Farmers often talk about international trade in terms of what’s good for them. That makes sense – when you’re trying to run a family business and raise a family by a minuscule margin, you are certainly concerned about how trade (or lack thereof) impacts your checkbook.
But there’s another side of trade. There is a humanitarian need that can simply be expressed as “We produce food here, while most of the world’s hungry are over there.” And sometimes “We generate economic activity to pull the neediest out of poverty by buying and selling over there.”
According to Pierre Kamere Munyura, Americans love Rwandan coffee. And Rwandan’s appreciate the American aircraft, medical supplies, and machinery they were able to purchase in the $100 million of two-way trade between the countries in 2016.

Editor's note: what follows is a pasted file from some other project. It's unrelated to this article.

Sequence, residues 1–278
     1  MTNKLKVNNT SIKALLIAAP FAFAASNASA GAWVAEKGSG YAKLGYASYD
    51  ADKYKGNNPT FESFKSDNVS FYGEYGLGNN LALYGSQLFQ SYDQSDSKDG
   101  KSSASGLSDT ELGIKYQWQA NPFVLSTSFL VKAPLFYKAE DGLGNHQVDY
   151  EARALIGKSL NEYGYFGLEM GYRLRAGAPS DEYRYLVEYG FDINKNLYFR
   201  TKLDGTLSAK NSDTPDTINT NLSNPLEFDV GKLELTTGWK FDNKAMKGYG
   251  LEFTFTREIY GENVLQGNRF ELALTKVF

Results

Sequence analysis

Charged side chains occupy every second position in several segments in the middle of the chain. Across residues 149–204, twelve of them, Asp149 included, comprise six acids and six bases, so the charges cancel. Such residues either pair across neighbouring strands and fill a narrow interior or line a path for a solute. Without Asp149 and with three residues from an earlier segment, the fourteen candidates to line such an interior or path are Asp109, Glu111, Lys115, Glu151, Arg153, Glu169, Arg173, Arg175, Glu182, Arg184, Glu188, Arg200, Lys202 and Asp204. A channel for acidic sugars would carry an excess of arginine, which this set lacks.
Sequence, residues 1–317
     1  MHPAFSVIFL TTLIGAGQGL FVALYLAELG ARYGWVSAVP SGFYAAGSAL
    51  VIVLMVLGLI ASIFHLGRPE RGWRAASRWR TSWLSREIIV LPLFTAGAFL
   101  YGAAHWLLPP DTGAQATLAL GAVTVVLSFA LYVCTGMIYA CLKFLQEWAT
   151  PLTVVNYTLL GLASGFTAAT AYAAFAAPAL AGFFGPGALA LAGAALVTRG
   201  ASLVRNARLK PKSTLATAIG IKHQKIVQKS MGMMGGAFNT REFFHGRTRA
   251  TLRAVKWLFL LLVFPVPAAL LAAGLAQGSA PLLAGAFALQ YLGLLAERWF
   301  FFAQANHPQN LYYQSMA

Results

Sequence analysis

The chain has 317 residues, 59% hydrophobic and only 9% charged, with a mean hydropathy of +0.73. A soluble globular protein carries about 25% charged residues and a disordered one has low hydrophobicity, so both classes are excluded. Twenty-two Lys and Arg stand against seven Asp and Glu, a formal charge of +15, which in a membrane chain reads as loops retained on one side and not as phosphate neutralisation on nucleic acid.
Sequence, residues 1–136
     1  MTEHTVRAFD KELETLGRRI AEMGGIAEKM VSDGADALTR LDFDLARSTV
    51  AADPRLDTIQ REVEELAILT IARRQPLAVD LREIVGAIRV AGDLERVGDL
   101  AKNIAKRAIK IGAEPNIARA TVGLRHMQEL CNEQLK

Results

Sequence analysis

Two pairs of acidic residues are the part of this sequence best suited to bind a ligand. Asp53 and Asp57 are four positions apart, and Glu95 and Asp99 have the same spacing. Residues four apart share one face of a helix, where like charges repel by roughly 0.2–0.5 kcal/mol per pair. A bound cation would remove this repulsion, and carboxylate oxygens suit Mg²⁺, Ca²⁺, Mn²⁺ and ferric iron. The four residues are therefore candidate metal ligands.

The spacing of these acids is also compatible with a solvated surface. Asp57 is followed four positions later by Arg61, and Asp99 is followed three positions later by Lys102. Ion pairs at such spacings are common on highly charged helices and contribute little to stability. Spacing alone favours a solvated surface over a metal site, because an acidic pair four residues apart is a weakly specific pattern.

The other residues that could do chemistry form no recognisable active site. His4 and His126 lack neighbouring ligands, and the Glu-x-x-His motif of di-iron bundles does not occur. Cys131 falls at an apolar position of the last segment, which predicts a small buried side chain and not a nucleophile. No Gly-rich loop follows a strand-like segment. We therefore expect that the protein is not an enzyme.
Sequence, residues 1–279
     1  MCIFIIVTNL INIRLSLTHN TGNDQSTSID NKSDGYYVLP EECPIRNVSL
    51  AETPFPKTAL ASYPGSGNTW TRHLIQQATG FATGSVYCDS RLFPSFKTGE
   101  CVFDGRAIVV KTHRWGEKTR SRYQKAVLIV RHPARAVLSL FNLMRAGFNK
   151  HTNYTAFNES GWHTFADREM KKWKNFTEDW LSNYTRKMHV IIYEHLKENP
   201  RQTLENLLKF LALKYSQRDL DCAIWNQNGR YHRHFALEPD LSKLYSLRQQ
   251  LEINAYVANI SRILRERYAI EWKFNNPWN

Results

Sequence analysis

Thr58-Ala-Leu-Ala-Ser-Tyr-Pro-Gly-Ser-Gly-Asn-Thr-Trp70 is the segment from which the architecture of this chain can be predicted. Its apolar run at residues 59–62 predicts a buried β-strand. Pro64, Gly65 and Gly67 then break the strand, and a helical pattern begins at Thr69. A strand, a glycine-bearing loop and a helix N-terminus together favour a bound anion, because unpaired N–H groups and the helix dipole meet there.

Munyura said, “In recent years, Rwandans have learned about the value of economic opportunity. A generation ago, foreign aid made up most of our government’s budget. And we were thankful for the support from foreign countries. Today, however, this figure has dwindled to 17 percent.
Like many Rwandans, I’d like to see it vanish to nothing. The best way for us to do this is to replace aid with trade and become fully integrated with the global economy.”
Certainly, although it isn’t always the first consideration when discussing trade, the idea that diminished trade with other countries will have more than economic impacts has merit. Withdrawing from the global marketplace will weaken growing, fledgling economies and create the potential for global disruption and starvation.
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